Longitudinal child data: What can be gained by linking administrative data and cohort data?

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Leanne Findlay Elizabeth Beasley Jungwee Park Dafna Kohen Yann Algan Frank Vitaro Richard E Tremblay
Published online: Nov 14, 2018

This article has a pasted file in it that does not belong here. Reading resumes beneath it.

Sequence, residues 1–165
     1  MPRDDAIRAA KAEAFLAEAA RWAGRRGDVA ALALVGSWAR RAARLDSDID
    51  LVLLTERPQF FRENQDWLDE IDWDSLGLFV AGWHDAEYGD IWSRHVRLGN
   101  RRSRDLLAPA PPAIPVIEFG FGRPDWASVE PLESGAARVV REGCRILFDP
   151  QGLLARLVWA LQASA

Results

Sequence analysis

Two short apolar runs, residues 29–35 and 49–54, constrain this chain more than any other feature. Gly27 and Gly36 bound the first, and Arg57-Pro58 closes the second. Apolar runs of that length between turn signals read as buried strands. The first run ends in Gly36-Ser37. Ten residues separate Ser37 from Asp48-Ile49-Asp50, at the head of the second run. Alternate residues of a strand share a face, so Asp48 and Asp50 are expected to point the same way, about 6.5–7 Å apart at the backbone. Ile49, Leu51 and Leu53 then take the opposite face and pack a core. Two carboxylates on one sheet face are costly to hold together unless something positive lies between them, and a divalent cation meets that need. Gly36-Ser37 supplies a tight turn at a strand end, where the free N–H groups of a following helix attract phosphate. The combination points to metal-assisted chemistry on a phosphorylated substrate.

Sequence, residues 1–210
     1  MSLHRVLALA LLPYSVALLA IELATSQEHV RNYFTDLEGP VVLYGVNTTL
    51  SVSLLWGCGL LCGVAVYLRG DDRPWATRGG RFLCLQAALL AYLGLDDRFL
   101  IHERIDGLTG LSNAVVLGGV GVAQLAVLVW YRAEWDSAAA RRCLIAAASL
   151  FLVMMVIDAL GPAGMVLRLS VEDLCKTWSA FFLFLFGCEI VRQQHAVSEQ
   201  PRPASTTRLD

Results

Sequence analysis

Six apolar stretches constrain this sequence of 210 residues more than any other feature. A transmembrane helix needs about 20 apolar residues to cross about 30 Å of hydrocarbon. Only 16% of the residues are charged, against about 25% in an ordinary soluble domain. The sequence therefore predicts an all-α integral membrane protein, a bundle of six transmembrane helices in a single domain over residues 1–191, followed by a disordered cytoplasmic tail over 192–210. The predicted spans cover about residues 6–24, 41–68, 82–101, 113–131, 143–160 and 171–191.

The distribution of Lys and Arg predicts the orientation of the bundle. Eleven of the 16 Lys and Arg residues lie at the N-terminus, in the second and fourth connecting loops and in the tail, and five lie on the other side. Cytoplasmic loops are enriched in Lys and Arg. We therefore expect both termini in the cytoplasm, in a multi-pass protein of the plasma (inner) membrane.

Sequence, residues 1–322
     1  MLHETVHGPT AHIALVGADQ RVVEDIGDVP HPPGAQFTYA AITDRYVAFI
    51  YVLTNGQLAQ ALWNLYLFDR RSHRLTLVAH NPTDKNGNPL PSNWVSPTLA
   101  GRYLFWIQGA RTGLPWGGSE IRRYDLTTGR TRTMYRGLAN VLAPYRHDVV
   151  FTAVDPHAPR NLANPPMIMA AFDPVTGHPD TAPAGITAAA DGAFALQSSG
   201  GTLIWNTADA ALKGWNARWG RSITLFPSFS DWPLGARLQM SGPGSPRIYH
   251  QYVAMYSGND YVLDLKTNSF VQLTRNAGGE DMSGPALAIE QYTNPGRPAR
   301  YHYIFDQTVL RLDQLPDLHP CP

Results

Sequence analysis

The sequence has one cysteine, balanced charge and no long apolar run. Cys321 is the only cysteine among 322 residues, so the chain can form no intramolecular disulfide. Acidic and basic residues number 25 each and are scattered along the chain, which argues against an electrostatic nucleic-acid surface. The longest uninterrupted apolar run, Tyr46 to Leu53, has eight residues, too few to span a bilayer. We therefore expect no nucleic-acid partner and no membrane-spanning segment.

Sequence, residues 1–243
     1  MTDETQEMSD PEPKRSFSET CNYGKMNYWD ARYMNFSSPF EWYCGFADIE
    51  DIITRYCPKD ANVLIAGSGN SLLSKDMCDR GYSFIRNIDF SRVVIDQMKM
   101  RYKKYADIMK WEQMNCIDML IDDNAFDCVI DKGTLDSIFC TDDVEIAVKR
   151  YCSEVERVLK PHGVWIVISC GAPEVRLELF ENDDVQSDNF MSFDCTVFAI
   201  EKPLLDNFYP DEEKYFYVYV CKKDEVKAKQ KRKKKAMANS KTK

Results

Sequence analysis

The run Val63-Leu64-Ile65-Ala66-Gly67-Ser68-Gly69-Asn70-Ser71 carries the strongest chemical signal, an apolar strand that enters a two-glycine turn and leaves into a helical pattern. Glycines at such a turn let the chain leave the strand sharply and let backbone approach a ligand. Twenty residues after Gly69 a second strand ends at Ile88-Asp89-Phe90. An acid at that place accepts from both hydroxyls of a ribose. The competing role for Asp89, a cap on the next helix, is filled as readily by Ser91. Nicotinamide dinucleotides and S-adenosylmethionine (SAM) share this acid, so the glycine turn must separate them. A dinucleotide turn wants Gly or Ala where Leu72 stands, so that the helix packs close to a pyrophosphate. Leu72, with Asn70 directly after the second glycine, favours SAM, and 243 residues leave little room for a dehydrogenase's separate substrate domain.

Linked administrative data sets are an emerging tool for studying the health and well-being of the population. Previous papers have described methods for linking Canadian data, although few have specifically focused on children, nor have they described linkages between tax outcomes and a cohort of children who are particularly at risk for poor outcomes in adulthood. This paper describes a probabilistic linkage performed by Statistics Canada linking the Montreal Longitudinal Experimental Study (MLES) and the Quebec Longitudinal Study of Kindergarten Children (QLSKC) survey cohorts and administrative tax data from 1992 through 2012. The number of valid cases in the original cohort file with valid tax records was approximately 84%. Rates of false positives, false negatives, sensitivity, and specificity of the linkage were all acceptable. Using the linked file, the relationship of childhood behavioural indicators to adult outcomes including earnings, total household income, and use of social assistance can be investigated in future studies. Innovative methods for creating longitudinal datasets on children can enhance existing data by providing information on a variety of outcomes without an increase in response burden, additional costs, or additional data collection. These can increase the longevity of survey data by examining long-term outcomes associated with early childhood characteristics as well as interventions to enhance child outcomes.

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